Misa, I paid for my hotel room and am entitled to be able to sleep. It’s their country – should I let them push me, throw things at me or steal my stuff? No. Respecting others is a key item in the social contract, and as soon as they were reminded they were keeping someone up they immediately stopped. I don’t see what they did as malicious or bad, just a matter of habit. I give the Chinese credit – they are willing to learn and improve. There really is a lot less spitting here than there was five years ago, for example.

January 17, 2007 @ 7:58 am | Comment

The China that I had left behind in 1980 was certainly never like that…it was way too grey and sombre for such displays of exuberance and chutzpah. I always thought it was a Cantonese thing when the Hong Kong immigration wave swept Vancouver and loud group therapy sessions started to be heard in school hallways, shopping malls, buses, everywhere…

Had crude HK pop culture simply made its way north onto the mainland? Or perhaps I had it wrong all this time after all. Could this noisiness be an inately Chinese cultural trait that simply came back to life once the weight of totalitarian rule had been eased? I wonder how Taiwan would rate in this department…Sounds like a good topic for a sociology project…

January 17, 2007 @ 8:18 am | Comment

Hey… at least they weren’t playing Mah-jong as well. ๐Ÿ˜‰

January 17, 2007 @ 12:42 pm | Comment

I recall a Lonely Planet guidebook of the 1980s, writing about Chinese in Malaysia doing the same thing, saying: “They say it is impossible to whisper in Chinese.”

On a serious note, Beijing must by now have some sort of Olympics etiquette ombudsman who takes these popular peeves and turns them into public campaigns, no?

January 17, 2007 @ 1:02 pm | Comment

Oh yeah, I feel your pain. Last summer in Lijiang, staying at a courtyard guesthouse, charming to the nth degree, all blooming flowers, caged songbirds, intricately laid stone courtyard with bamboo rocking chairs….and Chinese tourists/families yelling at one other from across the courtyard, doors open, TV’s blasting, screaming rugrats chasing the dog around…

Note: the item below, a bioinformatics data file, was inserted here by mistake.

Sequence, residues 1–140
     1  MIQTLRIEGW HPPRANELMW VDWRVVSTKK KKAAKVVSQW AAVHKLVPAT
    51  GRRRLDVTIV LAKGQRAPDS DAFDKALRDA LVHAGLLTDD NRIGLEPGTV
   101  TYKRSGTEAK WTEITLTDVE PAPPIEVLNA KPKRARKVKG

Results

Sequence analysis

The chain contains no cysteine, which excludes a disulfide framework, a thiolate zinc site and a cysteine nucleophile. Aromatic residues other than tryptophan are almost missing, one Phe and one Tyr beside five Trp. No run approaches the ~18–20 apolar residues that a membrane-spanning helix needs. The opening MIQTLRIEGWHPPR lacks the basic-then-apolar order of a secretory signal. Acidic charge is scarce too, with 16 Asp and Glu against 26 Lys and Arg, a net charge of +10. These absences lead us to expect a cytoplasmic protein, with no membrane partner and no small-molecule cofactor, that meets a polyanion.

I get the whole renao thing, but have there been any studies on long-term hearing loss in China?

January 17, 2007 @ 1:49 pm | Comment

Richard,

How do you say “热闹” in English? If you can read Chinese, trying to ponder on its meaning.

It’s a cultural thing. “热闹” is definitely celebrated in China. Same thing can be said of SUV in USA.

January 17, 2007 @ 2:27 pm | Comment

Oh, SUV is yesterday, Xueleifun! We all are into Priuses now! ๐Ÿ™‚

Though my Chinese isn’t that great, I think รงฦ’ยญรฉโ€”ยน is one of those concepts that has no exact English equivalent. That’s why I mentioned it in my earlier comment.

January 17, 2007 @ 2:45 pm | Comment

“There really is a lot less spitting here than there was five years ago, for example.”

I’m sorry Richard…I have to strongly disagree. I have lived here in China for five years myself and…at least here in the south…the level of spitting has not changed one iota from the time I first arrived. I now entertain myself in the mornings from home to work by counting the number of spitters I see/hear. I think you are indeed being much too kind. However, you live on the opposite of the country as me, so who knows…

January 17, 2007 @ 2:48 pm | Comment

Earplugs are an absolute must in China. Don’t go anywhere, including your own home — and certainly not a hotel — without them. Stock up with a new boxes everytime you go back to the US.

People in China, I submit, have a higher tolerance for noice than in US; ex a. cab drivers listed to radio at a volume that’s about 30% too loud for western ears. Discuss.

January 17, 2007 @ 2:49 pm | Comment

The spitting in Beijing is way down, Canrun. I think SARS really scared a lot of folks and changed some habits.

January 17, 2007 @ 2:49 pm | Comment

Bear in mind that this is the country that accommodates one fifth of the polulation on this planet, and thus, probably,so do its hotels.

January 17, 2007 @ 3:55 pm | Comment

On the other hand, I’m also stuck in a hotel in Beijing but let me throw some props to Home Inn (Ru Jia). It’s like somebody took a Holiday Inn Express and dropped it on Dongzhimen. Clean rooms, strong walls/quiet neighbors, actual service, and friendly staff…for about US$25-30 a night…

I had to check my ticket to make sure I’d landed in the right country.

I’ve had my share of bad hotel experiences in China too, I guess I lucked out on this one.

January 18, 2007 @ 3:33 am | Comment